Time & Attendance
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By Rita Pyrillis
Oct. 25, 2012
While Democrats and Republicans spar over tax cuts and health care reform, congressional staffers from both sides of the aisle can agree on one thing—they want more flexibility to balance work and life issues, according to a study released Oct. 24 by the Congressional Management Foundation and the Society for Human Resource Management.
More than 1,400 House and Senate employees and 25 members of Congress participated in the joint survey, Life in Congress, which found that 55 percent feel that “flexibility to balance work and life issues” is very important, but only 26 percent are very satisfied with the flexibility in their own workplace. The survey did not break the numbers down along party lines.
That level of dissatisfaction is higher than that among private-sector employees, says Bradford Fitch, president and CEO of the Congressional Management Foundation, a not-for-profit organization focused on improving office operations and citizen involvement. According to the SHRM 2011 Job Satisfaction and Engagement Survey, 38 percent of U.S. employees said that flexibility was very important and 33 percent said they were very satisfied with their flexibility.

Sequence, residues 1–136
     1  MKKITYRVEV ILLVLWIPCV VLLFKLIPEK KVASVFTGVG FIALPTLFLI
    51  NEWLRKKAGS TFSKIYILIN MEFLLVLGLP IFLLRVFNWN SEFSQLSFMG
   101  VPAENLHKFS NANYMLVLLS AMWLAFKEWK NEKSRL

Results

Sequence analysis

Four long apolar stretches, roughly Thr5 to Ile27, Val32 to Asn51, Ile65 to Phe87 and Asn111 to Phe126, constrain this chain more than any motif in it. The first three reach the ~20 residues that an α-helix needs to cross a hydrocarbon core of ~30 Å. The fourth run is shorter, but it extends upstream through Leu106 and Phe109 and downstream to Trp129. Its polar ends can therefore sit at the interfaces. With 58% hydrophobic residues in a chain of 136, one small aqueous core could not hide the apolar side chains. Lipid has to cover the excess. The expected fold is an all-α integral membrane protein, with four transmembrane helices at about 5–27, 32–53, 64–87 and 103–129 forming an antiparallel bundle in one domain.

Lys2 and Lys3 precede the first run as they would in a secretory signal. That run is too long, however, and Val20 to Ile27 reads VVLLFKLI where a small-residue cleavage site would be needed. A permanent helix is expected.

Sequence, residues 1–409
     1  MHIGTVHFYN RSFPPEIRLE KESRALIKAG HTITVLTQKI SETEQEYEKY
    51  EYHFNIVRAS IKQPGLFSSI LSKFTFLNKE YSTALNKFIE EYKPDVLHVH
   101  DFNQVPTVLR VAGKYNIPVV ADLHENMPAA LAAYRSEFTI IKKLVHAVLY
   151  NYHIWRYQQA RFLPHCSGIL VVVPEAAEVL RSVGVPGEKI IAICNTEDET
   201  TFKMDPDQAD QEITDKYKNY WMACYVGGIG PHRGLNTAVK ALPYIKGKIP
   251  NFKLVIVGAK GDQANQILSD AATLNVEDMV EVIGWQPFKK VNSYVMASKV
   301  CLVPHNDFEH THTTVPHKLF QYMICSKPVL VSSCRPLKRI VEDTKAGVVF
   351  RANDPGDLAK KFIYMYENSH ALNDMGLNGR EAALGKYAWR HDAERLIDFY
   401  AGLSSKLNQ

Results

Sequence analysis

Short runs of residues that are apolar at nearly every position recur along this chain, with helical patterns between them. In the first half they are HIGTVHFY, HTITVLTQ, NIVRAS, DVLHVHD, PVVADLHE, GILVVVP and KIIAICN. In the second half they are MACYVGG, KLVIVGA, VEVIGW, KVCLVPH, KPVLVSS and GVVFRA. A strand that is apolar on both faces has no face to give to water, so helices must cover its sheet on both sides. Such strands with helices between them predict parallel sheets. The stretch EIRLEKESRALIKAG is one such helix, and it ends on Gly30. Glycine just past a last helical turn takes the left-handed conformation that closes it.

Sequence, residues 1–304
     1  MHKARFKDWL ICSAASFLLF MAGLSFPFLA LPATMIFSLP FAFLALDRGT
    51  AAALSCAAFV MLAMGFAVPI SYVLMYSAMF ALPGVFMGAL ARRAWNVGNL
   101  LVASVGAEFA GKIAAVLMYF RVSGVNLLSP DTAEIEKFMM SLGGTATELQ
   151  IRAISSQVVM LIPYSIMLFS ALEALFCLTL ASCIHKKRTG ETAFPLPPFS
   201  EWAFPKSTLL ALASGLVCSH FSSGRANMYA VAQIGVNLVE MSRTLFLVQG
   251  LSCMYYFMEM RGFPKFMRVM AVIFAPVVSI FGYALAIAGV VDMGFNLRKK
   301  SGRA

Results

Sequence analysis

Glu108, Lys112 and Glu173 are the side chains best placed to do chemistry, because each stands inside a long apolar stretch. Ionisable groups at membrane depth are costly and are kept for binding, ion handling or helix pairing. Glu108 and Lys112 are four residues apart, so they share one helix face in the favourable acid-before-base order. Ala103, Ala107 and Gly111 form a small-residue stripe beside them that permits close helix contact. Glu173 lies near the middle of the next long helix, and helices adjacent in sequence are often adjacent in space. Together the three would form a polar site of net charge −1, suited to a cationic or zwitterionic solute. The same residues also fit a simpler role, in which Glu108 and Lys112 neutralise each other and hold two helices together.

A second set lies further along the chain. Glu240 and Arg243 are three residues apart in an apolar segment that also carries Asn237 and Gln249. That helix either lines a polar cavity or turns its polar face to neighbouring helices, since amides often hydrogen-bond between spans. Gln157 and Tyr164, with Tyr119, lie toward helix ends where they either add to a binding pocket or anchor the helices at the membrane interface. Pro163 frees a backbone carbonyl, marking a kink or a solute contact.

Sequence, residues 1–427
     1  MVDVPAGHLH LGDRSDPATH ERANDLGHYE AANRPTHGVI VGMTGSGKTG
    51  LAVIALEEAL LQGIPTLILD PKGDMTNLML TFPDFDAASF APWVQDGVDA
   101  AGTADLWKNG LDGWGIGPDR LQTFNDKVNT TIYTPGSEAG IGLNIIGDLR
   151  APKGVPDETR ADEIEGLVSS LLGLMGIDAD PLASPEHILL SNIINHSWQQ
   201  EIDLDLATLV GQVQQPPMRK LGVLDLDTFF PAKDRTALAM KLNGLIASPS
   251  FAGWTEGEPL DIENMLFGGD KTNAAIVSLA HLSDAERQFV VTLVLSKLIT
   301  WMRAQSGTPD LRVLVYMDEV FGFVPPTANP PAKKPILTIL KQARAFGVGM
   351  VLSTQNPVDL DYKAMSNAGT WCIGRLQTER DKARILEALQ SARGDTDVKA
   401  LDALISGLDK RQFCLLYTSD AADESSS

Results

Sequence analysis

Fitch says the survey, which was released at SHRM’s second annual Workflex Conference in Chicago, is the largest survey ever conducted of congressional staff. It’s the first of three reports looking at the work life of congressional staffers. The second and third will be released next year.
“People think of Congress as a monolithic bureaucracy, but Congress is made of 535 small business,” Fitch says, each with its own set of vacation and flextime policies. And employees face a unique set of challenges like pressure from constituents. According to the survey, staffers “must wrestle annually with hundreds of legislative issues, answer 25,000 [House] to millions [Senate] of constituent communications per year … and liaison with every level of government.” In order to accomplish all that, they must work long hours.
More than half believe that they work longer hours than their private-sector counterparts with similar jobs, the survey shows.
The survey points out another key difference between congressional and private sector employees when it comes to the level of commitment to their jobs. Nearly 75 percent of survey respondents rated “meaningfulness of their job” as being very important to them compared with 35 percent of U.S. employees who held similar beliefs, the survey says.
Rita Pyrillis is Workforce’s senior writer. Comment below or email firstname.lastname@example.org.
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